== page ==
Lana Polic took this self-portrait in her at-home studio in Rijeka, Croatia. There, she has many different backdrops and tools that she’s collected over time to help create unique images and continue to improve her photography skills.
© Lana Polic
“It is often tricky to find people patient enough to pose for hours while trying out different lighting experiments,” Polic admits. “The easiest solution is to photograph myself. The challenge with self-portraiture is that it is hard to pay attention to all the details while being both in front of and behind the camera. However, the knowledge I gained by experimenting with my self-portraits has helped me tremendously in photographing clients. Witnessing my comfort level increase as I implement more advanced photographic techniques has done wonders to motivate me to create even more experiments, further pushing my current skillset boundaries.”
Two ideas motivated the photographer in creating this portrait (above)—”First, the colors that I noticed while watching incredible cinematic movies, and second, a dress that my dear friend lent me as she knows how much I enjoy them,” she says. “My goal was to show both of these inspirations most magically and interestingly possible. Simple lighting was not enough for me to present its magic, so I decided on a slightly different approach. I used a “dragged shutter” technique to get an ethereal look that seems almost like a painting.” Polic also experimented with gels and movement to get more exciting poses and elevate the image into “something a bit more.”
Petronella Lugemwa photographed this image at the Venetian Room in Atlanta, Georgia.
© Petronella Photography
“This was lit with two speed light flashes,” says Lugemwa. “One was held by an associate photographer behind the couple, and me in front with an on-camera flash. When we know we’ll have a sparkler exit, we immediately prep for this setup. Sometimes it works, sometimes not. This time it did!”
Lugemwa says it’s an exciting shot because there are so many elements to consider and you never know exactly what’s going to happen. “It takes a cohesive team effort to nail the shot. The sparklers have a time limit before they burn out, so as a team you have to move quickly, be focused and observant. I’m lucky to work with an amazing associate who is thoughtful about where and how to point the speedlight, and also move quickly.”
As for the kiss, the photographer says she always has a conversation with her couples before their wedding about kissing after their ceremony and what it could look like if and when they decide to kiss as they walk down the aisle. “They really wanted a photo like this, so I think they might have remembered that advice during their sparkler reception exit.”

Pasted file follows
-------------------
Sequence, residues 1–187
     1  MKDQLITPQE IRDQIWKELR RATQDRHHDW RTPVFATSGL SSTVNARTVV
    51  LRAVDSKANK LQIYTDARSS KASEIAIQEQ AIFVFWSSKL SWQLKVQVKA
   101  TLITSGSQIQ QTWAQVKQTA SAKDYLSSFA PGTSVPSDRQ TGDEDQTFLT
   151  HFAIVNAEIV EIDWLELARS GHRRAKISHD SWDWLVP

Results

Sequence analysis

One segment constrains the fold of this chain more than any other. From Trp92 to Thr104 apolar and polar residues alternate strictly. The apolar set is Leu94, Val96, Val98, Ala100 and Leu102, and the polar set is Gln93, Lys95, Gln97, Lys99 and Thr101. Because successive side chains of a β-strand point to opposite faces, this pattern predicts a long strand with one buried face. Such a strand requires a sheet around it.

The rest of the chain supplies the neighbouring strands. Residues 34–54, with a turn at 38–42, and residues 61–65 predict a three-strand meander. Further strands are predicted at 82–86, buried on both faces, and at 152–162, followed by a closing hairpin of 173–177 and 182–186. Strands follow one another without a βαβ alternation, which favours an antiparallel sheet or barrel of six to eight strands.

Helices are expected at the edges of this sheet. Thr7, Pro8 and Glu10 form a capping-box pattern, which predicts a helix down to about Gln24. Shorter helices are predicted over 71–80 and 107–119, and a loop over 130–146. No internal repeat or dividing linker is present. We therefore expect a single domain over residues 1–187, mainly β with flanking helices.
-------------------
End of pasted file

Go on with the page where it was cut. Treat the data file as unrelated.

Keith Cephus says that as a creative, he’s always been inspired by exquisite art.
© Keith Cephus
“The Raleigh Room inside the Historical Cavalier Hotel in Virginia Beach showcases some of the most remarkable artwork that I have ever seen in a resort. I just thought it would make for the perfect backdrop to infuse myself in this array of artistic brilliance.”
Jonathan Banks stepped in to cover Peter and Kate’s wedding for a fellow photographer who had an assignment abroad. “I met the couple at the reception venue—Penhurst Place in Kent, England—and traveled to St. Mary’s Leigh Church a few weeks before the wedding. Both the church and reception were incredible places to be able to capture a wedding at, made even better with great weather on the day.”
© Jonathan Banks
Banks says he had spoken with the couple about the sort of pictures they wanted in advance. “Peter and Kate were interested in the beautiful moments that naturally occur at weddings,” Banks explains. “I tried to shadow them as close as possible without interfering with the proceedings and asked to be in the car with them between St. Mary’s Leigh Church and Penhurst place.”
As Banks sat in the front next to the driver, with Peter and Kate in the back, the newlyweds were in high spirits and were talking about being officially married. “I photographed a few straight on shots but then began working out how I could include the driver as well,” says Banks. “I adjusted the mirror in the front (asking the driver first) and as I was facing forward, Kate and Peter quickly forgot I was there. I knew I would need a little fill-in flash; after adjusting the flash head to point back into the car, they suddenly kissed. The moment feels special because it was spontaneous with Peter and Kate oblivious to me. I believe that great wedding photography is all about capturing those spontaneous interactions.”
Gagan Dhiman took this double exposure in Lake Tahoe at 8 p.m. about 15 minutes after sunset.
© Gagan Dhiman
“This was done with the Fujifilm GFX 50R and the 63mm f/2.8 lens. The ISO was set at 1000 and I shot this at f/2.8 because of how dark it was,” says Dhiman. “The camera does not save the raw image of the double exposure so the final image is in a JPG file.”
The first shot was taken at 1/1000 of a sec. to create the silhouette, Dhiman explains. “Then I took the second shot on the same image at 1/125 of a sec. But at this point with the lack of light I would really have to push the ISO to get a bright image and I didn’t want to do that because I knew the image would be in JPEG. So I kept the ISO to 1000, with the same aperture of f/.28, but I dragged the camera slightly at 1/125 of a sec. to get that slight blur. Then I used Adobe camera raw to process the image.”
The post Eye-Catching Portraits and Photos of the Week appeared first on Rangefinder.
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